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2020 marks the 50th anniversary of the University of Michigan Department of Afroamerican and African Studies within LSA. DAAS is committed to African studies and conducting research to support the broader African and African American communities.
Throughout the 1960s, Black student organizations joined together as the Black Action Movement, demanding racial justice at the University. In 1968, BAM organized on-campus protests to urge the University to increase Black enrollment to 10%. Among BAM’s achievements was the creation of an Afroamerican and African Studies Program, which later became DAAS.
As a product of social activism at the University, DAAS was founded upon the principles of diversity, equity and inclusion, according to Matthew Countryman, DAAS department chair and associate professor. Since then, these foundational principles have been integrated into DAAS’s undergraduate major and minor in addition to its graduate certificate program.
Countryman said the department seeks to create a safe space for students and values inclusivity greatly.
“We can be a home for students, whatever their major or however many courses they take with us. We can be a place that affirms their presence and values their presence on campus in ways that, unfortunately, they don’t always experience in their other classes,” Countryman said. “That’s crucial to our mission and something that all of our staff and faculty are aware of on a daily basis.”
LSA senior Thomas Vance, an AAS major, said this 50th anniversary is a testament to what Black activism can achieve.
“The 50th anniversary, to me, is just a celebration and a highlight of what happens when Black students fight for change,” Vance explained. “It’s something I’m always thankful for. I don't think that my Michigan experience would be as positive without DAAS.”
LSA senior Tiffany Harris, also an AAS major, found that DAAS faculty foster a welcoming environment where students of color feel comfortable discussing race in the classroom.
“In a lot of political science classes, I’ll be the only Black girl, and it’s uncomfortable to have to fight for the whole Black community consistently in class,” Harris noted. “I really value DAAS because not many majors allow me to sit in a room with people that look like me and discuss Black resistance, Black freedom and Black anything while being comfortable in our Blackness.”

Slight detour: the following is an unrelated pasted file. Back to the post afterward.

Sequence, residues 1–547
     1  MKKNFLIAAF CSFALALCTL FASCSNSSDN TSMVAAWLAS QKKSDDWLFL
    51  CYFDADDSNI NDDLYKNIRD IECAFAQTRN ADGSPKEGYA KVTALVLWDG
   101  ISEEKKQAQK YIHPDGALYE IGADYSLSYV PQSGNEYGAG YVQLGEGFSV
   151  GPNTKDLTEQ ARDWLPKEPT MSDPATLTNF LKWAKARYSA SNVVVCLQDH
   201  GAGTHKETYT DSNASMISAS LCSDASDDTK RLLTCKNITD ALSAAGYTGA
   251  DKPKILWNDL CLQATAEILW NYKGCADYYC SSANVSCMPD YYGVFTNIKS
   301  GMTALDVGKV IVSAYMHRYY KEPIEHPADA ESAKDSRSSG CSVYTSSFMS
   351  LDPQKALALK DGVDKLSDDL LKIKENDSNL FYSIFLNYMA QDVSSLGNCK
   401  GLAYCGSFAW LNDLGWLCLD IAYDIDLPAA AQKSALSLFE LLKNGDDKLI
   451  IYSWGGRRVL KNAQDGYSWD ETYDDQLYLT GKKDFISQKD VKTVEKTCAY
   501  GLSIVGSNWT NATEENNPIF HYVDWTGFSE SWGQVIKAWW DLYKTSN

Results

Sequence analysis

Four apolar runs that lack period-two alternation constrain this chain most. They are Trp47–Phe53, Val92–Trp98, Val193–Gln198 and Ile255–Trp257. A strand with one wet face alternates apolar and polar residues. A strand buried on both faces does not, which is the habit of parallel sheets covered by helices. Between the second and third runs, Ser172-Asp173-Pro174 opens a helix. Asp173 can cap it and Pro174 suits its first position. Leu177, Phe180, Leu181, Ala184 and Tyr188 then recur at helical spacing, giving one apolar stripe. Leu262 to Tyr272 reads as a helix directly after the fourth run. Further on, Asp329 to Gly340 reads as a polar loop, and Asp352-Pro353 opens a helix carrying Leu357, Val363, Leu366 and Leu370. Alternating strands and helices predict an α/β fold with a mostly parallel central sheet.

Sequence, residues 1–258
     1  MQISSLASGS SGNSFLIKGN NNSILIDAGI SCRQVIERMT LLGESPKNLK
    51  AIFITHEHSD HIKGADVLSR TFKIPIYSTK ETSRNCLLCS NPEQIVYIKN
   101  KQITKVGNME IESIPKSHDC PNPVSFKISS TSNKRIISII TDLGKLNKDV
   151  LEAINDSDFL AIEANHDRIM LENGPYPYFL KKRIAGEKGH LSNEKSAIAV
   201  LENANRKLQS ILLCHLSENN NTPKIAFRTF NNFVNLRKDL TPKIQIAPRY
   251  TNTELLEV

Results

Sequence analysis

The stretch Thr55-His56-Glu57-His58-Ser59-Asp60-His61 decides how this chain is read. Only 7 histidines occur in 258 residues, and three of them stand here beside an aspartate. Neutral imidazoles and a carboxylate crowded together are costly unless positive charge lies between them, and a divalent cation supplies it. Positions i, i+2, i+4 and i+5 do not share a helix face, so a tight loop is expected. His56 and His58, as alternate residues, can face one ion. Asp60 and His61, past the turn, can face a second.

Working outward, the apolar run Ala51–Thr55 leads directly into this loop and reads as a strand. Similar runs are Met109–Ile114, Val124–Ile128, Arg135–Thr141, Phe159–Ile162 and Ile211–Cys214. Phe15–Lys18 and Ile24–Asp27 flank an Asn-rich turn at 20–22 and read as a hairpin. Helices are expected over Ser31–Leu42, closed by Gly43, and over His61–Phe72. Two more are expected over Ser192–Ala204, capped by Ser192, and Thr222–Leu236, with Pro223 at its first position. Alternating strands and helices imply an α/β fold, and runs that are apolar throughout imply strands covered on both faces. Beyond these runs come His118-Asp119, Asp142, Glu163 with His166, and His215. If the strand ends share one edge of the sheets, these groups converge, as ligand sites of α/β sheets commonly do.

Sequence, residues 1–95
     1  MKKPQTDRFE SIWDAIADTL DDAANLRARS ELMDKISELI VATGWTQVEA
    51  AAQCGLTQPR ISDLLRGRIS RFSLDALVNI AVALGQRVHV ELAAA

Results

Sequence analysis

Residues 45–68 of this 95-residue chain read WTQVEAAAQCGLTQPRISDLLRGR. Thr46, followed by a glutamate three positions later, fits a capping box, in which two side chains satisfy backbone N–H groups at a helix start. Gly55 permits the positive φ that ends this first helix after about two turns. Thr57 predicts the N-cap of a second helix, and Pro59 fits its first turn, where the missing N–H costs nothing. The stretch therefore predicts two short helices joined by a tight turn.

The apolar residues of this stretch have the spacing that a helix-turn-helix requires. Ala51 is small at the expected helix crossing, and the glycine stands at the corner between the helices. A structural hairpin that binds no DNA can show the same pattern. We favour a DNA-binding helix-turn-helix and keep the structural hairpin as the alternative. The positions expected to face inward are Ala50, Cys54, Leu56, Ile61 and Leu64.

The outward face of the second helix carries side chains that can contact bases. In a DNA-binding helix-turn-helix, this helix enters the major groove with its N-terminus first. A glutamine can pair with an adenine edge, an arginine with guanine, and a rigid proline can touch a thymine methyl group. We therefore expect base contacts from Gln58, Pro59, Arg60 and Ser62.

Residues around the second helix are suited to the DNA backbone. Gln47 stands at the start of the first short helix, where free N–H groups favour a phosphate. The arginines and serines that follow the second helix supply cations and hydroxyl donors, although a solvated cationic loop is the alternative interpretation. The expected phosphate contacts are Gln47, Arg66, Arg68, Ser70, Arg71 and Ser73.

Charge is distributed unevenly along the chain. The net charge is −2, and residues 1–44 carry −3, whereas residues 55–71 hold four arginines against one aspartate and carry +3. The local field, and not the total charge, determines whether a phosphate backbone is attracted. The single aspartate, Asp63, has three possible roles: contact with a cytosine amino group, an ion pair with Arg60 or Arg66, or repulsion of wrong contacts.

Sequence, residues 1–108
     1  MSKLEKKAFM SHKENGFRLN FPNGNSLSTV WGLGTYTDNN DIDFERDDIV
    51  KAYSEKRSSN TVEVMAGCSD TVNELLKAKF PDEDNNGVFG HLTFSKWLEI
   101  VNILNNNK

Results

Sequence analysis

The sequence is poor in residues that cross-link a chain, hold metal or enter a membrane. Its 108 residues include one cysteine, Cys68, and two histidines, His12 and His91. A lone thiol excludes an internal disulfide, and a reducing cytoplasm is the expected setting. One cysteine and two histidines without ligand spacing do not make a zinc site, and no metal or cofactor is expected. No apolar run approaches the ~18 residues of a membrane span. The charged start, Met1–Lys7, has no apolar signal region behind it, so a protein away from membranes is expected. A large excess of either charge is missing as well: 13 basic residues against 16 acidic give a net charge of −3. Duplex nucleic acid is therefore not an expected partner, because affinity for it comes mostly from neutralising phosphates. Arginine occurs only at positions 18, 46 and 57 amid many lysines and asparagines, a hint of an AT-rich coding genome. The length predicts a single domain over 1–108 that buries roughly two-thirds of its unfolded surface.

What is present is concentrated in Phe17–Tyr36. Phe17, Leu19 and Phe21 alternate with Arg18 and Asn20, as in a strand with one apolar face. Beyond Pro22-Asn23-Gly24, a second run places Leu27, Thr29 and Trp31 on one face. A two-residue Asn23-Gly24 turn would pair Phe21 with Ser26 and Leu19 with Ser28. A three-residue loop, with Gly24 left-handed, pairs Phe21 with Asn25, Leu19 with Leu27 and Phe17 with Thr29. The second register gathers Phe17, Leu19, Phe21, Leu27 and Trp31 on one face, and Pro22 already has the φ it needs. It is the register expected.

Outside the classroom, DAAS works to establish a close-knit and welcoming community for students of color and the student body. By coordinating events with student organizations, the DAAS faculty hopes to teach students to understand their cultural and racial differences. Though many of their 50th anniversary events were canceled due to the COVID-19 pandemic, the department has adapted this semester to host virtual events to celebrate the milestone.
DAAS associate professor Omolade Adunbi said the department’s greatest strength is its synergy between academics and community, including communities beyond the University. Adunbi pointed to the Semester in Detroit program as one example, which allows students to engage in substantive urban planning that benefits Detroit communities. Similarly, the Pedagogy of Action program has empowered students to learn about the impact of HIV and AIDS on African American communities and teach prevention in the metro Detroit area and Ypsilanti, Mich.
According to Adunbi, DAAS’s most expansive outreach program is its African Presidential Scholars Program. In collaboration with the African Studies Center, DAAS invites scholars from across Africa to the University. Collectively, DAAS’s outreach programs exemplify the department’s growing reach to both local and global communities.
Countryman said DAAS provides the most integral component of social activism: education. By learning about historical and present-day instances of inequality, students can begin to confront these injustices. Whether they advocate for change on social media, donate to charitable causes or work with policymakers to propose beneficial legislation, Countryman said students in DAAS gain the knowledge and fervor necessary to enact real-world change.
“I think education provides a crucial opportunity for people to be honest about both the promise of society and promise of the institution, but also to confront and look directly at where we’ve come up short in terms of those promises — ways in which the nation and institutions have been built off structures of inequality,” Countryman said. “By itself, education can’t change those structures; but without that commitment to understanding and investigating, we’re not going to make progress toward the goals of a just society.”
As important as it is to reflect upon the past, Adunbi said this milestone serves as an opportunity to also consider DAAS’s future.
“We’re not just remembering the founders, but we are also thinking about the future of Black studies in general,” Adunbi said. “It’s like looking back, taking a pause to evaluate where we have come from and what we are currently doing, and then looking into the future of Black studies.”
Vance said he hopes the department continues to promote the study of Black communities and facilitate their success.
“I hope DAAS continues to thrive, continues to innovate and continues to hire professors and postdoctoral fellows who are really committed to the study of the diaspora and members of the diaspora,” Vance said. “As for the Black community, I really just want to see everybody win. I just want to see everybody succeed where they are, continue to dream big, continue to aspire for greatness and get there.”
Daily Contributor Evan DeLorenzo can be reached at email@example.com
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